By Deborah Lawson, General Secretary, Voice
Article for the January 2018 issue of Your Voice
Whichever way you cut the data, Westminster can no longer deny that the recruitment and retention of teachers remains at crisis level. Although continuing to refer to ‘challenges’, rather than ‘crisis’, it appears, from announcements made last term, that the Government is sufficiently concerned to invest in a range of initiatives to resolve some of the issues.
These initiatives are limited by subject and/or geography, with priority given to areas with the greatest recruitment challenges. While those priorities may be right, concern remains about the lack of a workforce strategy that gives equal priority to the retention of experienced teachers, given that their exodus from the profession could have a devastating effect on future generations of teachers and pupils.
Welcome as student loan reimbursement, scholarships and bursaries may be, they are untried schemes to retain new teachers. The good news is that the DfE appears to be listening to the profession about phasing such incentive payments in an attempt to stem the flow of departures from the profession within the first five years. It will, however, be some time before it is known how successful the schemes are. How they are monitored is also crucial if they are to be expanded.
But at a time when 48% of secondary school teachers have under ten years’ experience, will these schemes just be delaying the inevitable, unless they address the other issues which are driving teachers out of the profession?
The number of teachers leaving state-funded schools for reasons other than retirement continues to increase. Although there has been some reversal in the number re-entering the profession after a career break and a fall in the number retiring, possibly due to pension and retirement age changes, the turnover of teachers is in deficit. This indicates that, in addition to recruitment incentives, there is an equally pressing need to address the issues of properly funded reward, professional development, accountability and workload if we are to retain experienced teachers.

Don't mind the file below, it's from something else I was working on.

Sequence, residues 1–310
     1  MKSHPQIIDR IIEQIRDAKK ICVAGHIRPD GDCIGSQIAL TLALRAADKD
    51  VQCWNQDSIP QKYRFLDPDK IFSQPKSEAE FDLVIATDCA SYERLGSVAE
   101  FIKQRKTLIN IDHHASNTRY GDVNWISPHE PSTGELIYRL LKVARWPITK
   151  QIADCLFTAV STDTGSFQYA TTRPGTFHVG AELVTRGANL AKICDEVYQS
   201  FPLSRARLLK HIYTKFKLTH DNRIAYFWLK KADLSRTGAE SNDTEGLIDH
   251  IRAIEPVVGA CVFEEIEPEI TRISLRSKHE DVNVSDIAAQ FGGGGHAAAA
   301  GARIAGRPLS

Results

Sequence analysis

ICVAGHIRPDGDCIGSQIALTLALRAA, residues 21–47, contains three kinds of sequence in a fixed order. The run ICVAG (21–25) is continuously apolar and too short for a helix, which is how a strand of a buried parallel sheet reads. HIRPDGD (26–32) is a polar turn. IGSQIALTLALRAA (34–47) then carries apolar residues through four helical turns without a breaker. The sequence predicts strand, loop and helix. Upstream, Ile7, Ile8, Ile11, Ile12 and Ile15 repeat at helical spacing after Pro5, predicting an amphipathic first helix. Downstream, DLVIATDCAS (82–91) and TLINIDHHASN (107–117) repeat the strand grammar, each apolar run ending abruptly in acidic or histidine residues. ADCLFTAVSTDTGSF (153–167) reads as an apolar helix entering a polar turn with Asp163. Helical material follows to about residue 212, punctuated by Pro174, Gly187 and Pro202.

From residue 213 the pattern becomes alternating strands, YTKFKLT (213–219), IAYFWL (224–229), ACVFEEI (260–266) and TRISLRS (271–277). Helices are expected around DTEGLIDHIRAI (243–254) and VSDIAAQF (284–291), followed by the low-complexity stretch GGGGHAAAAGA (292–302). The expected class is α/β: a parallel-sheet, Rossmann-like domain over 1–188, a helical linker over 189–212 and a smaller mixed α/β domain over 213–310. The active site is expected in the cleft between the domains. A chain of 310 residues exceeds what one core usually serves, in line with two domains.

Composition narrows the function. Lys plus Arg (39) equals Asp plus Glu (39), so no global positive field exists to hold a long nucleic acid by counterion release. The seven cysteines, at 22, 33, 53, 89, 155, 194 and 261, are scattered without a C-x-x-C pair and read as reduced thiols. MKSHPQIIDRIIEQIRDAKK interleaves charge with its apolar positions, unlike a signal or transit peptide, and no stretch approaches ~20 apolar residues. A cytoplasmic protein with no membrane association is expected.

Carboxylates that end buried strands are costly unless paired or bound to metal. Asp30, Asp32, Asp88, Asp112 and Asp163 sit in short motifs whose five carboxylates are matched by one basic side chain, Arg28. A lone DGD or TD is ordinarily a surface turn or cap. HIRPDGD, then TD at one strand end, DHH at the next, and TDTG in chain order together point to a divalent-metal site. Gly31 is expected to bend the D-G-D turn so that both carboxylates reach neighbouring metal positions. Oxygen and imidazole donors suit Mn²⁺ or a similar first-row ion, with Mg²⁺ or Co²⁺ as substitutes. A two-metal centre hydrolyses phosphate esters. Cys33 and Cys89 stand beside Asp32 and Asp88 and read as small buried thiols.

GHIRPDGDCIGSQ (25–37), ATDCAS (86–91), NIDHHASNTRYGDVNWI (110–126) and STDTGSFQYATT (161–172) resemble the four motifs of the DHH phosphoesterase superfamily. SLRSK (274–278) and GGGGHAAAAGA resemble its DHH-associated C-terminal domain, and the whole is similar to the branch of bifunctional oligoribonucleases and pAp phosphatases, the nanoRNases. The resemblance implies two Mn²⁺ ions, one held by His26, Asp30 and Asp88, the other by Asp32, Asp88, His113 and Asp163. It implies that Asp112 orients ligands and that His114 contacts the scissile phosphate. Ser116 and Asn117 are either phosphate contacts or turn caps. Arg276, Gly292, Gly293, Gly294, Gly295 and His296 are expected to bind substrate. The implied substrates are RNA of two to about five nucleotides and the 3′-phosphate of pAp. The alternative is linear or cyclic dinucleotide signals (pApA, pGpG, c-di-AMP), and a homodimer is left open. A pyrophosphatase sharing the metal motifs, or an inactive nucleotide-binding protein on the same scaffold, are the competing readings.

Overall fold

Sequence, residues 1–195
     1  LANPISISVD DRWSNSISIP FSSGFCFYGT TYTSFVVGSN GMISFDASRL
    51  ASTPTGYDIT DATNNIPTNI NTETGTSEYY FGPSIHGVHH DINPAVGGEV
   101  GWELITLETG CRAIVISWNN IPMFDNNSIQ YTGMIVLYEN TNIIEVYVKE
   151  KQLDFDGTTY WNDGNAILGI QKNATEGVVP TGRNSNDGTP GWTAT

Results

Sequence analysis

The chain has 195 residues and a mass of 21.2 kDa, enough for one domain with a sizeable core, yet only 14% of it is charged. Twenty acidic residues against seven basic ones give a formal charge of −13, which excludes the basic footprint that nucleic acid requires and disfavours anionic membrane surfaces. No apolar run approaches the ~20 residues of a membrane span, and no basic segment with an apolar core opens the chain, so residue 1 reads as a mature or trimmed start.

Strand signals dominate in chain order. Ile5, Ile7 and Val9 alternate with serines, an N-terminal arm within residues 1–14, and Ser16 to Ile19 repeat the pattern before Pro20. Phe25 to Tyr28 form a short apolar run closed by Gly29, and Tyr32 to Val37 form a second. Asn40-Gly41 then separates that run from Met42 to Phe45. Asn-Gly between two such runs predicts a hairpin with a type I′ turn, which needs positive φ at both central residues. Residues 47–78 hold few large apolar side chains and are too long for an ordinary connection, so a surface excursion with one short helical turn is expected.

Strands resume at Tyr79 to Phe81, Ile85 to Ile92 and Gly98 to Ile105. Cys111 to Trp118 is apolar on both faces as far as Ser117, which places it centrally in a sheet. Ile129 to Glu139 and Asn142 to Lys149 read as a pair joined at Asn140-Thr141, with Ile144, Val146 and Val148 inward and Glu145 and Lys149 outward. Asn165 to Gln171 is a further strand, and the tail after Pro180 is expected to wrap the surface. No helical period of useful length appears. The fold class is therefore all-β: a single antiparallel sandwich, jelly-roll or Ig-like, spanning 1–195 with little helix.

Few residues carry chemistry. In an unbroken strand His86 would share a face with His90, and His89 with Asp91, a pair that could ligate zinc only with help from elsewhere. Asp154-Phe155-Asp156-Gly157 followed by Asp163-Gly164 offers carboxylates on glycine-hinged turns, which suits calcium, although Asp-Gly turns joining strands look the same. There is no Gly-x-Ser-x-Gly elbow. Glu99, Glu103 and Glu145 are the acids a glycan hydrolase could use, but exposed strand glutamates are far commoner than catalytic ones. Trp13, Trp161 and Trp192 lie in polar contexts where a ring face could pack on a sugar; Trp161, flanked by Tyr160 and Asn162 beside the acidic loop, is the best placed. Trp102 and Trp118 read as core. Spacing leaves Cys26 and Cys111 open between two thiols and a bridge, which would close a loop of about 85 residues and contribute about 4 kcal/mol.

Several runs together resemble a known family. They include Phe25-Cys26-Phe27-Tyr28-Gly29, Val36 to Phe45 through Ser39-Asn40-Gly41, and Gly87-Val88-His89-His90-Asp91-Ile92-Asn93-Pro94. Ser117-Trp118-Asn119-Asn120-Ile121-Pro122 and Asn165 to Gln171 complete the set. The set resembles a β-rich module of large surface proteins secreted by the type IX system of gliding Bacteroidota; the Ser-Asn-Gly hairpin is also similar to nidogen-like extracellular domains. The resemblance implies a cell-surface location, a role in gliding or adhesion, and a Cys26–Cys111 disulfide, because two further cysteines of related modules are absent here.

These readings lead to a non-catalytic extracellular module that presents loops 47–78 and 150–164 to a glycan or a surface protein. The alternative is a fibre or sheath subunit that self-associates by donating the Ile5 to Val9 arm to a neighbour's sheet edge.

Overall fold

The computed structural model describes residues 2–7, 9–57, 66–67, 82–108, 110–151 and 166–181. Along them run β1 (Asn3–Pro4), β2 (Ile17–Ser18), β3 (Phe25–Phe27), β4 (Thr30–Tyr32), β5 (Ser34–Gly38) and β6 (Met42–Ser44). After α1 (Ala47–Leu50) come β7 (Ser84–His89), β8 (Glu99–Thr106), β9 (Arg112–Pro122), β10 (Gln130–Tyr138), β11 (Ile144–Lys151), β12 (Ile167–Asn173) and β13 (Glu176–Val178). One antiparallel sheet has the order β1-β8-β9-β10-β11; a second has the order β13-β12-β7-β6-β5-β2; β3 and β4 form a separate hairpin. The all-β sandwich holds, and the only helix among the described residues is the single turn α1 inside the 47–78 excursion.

There is some indication that the DfE recognises how significantly teacher workload influences retention, especially in the early career stage, and is looking at further action to remove unnecessary workload.
Recruitment and retention problems are issues in Wales and Scotland too. While austerity continues to impact the public sector, lifting the pay cap for teachers, although theoretically possible, will remain impossible if not properly funded.
The DfE’s response to the joint unions’ request to restore pay levels to support recruitment and retention was disappointing and failed to address the points raised. Teacher salary levels look set to remain a bone of contention in England, Scotland and Wales for the coming negotiation rounds.
At a time when the Government is rightly, if belatedly, consulting on a careers strategy for young people, there is a need to consider the careers of teachers and other members of the education workforce.
Whole workforce strategy
What is needed is a whole education workforce strategy, without which the recent initiatives lack cohesion. They are undoubtedly different strands of a teacher recruitment and retention strategy. But what of the rest of the education workforce, which is being devastated through endless rounds of efficiency savings? Without support staff, teacher burdens increase further.
The initiatives announced, although welcome, are rather like jigsaw pieces. Without a clearly communicated big picture or a vision, we remain the dark about how government believes the pieces should fit together.